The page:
If you examine the video with the talking Pit Bull, you may notice something interesting. Often, when he nods for “yes,” his nod looks a lot like a small fake sneeze.
There is some scientific evidence that a little sneeze might be your dog’s way of saying ‘yes!’ or ‘I agree.’ In fact, a study on African Wild Dogs uncovered similar behavior.
A pack rallying together who engaged in a lot of sneezing would typically set out to hunt. On the other hand, if not many pack members were sneezing, they tended to all take a nap instead.
This suggests that deep in the canine genome, a sneeze might still mean “yes! That’s a great idea! Count me in!”
So, if you grab the leash or ask your dog if they want a treat, you may sometimes see a small sneeze of excitement and approval.
But sneezing isn’t always done to communicate. The AKC argues that dogs “fake sneeze” to get your attention or to encourage you to play.
The “fake sneeze” can also be a learned behavior. Sometimes dogs do something unintentionally that elicits a positive response from their owners, such as cooing and cuddles. The dog may then periodically display the same behavior to try to get the same response.
In short, iIf your dog sneezes on you, it could be for many reasons, but it is often for getting your attention and encouraging you to play.
4. Excellent Sense of Smell
Dogs have a sense of smell estimated to be between 10 000 to 100 000 times stronger than a human’s. This makes their noses far more easily irritated by pollutants or inhalants and can cause sneezing whenever there is something aggravating in the air.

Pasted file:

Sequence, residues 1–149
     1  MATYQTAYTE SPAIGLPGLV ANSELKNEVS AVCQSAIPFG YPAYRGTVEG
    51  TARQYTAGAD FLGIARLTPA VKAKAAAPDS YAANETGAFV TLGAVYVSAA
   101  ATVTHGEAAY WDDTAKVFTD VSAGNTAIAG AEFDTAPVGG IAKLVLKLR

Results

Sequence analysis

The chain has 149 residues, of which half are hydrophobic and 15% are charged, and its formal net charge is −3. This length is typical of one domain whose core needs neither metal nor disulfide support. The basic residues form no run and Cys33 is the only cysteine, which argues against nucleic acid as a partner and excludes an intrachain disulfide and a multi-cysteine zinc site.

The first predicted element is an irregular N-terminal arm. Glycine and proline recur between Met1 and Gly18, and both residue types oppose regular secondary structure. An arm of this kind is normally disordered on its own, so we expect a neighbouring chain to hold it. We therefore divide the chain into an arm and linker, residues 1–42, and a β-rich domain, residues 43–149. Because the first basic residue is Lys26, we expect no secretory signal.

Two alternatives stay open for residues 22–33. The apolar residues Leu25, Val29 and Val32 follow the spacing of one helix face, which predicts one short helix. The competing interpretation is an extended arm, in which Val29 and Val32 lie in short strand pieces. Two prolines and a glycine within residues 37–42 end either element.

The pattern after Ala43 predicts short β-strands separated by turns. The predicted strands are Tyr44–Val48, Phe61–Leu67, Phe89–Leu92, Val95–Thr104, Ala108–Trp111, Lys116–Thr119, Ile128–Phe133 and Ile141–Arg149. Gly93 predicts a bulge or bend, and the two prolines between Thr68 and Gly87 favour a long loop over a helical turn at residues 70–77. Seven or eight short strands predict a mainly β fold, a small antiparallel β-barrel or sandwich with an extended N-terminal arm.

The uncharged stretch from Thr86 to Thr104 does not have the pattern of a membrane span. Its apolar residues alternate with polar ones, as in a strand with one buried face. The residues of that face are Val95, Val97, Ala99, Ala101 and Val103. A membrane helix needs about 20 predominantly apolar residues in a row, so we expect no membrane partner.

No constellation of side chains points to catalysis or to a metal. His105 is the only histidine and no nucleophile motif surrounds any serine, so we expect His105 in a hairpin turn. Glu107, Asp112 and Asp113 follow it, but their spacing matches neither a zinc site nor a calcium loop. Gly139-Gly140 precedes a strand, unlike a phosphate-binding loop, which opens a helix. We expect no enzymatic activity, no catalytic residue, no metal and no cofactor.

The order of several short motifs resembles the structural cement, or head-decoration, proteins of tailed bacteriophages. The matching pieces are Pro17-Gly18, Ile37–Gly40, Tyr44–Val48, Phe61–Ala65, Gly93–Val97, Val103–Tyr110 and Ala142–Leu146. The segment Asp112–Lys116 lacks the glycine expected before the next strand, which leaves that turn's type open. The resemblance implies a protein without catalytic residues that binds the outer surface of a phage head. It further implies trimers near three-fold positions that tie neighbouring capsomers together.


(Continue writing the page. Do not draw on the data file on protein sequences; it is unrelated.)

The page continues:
Short-faced breeds like Pugs or Bulldogs are also more sensitive to mild irritants than their longer-nosed counterparts.
Since deodorants, smoke, or perfume can all have very strong smells, consider an air purifier in the home if the problem is chronic.
5. Health Problems
Unfortunately, dog sneezing can signal various physical conditions, especially if it comes with other issues. Here are some of the health concerns and symptoms to keep an eye out for.
Colds and viruses
Like humans, dogs can catch the flu.
The canine influenza virus, also known as dog flu or kennel cough, is caused by the transmission of pathogens in respiratory droplets through sneezing, coughing, or sharing bowls or other items.
For this reason, it is most often seen in places where dogs are crowded in small areas, such as shelters, grooming parlors, or kennels.
Symptoms of dog flu include:
- A forceful cough, sometimes sounding like a goose honk,
- Reverse sneezing (discussed below),
- Normal sneezing
- Runny nose
- Eye discharge
Kennel cough can be avoided with good hygiene practices, such as disinfecting bowls and surfaces and isolating infected dogs.
Usually, it is not severe, and dogs recover well if they get it.
The death rate for dog flu is less than 10% and it mostly only affects dogs with compromised immune systems or comorbidities.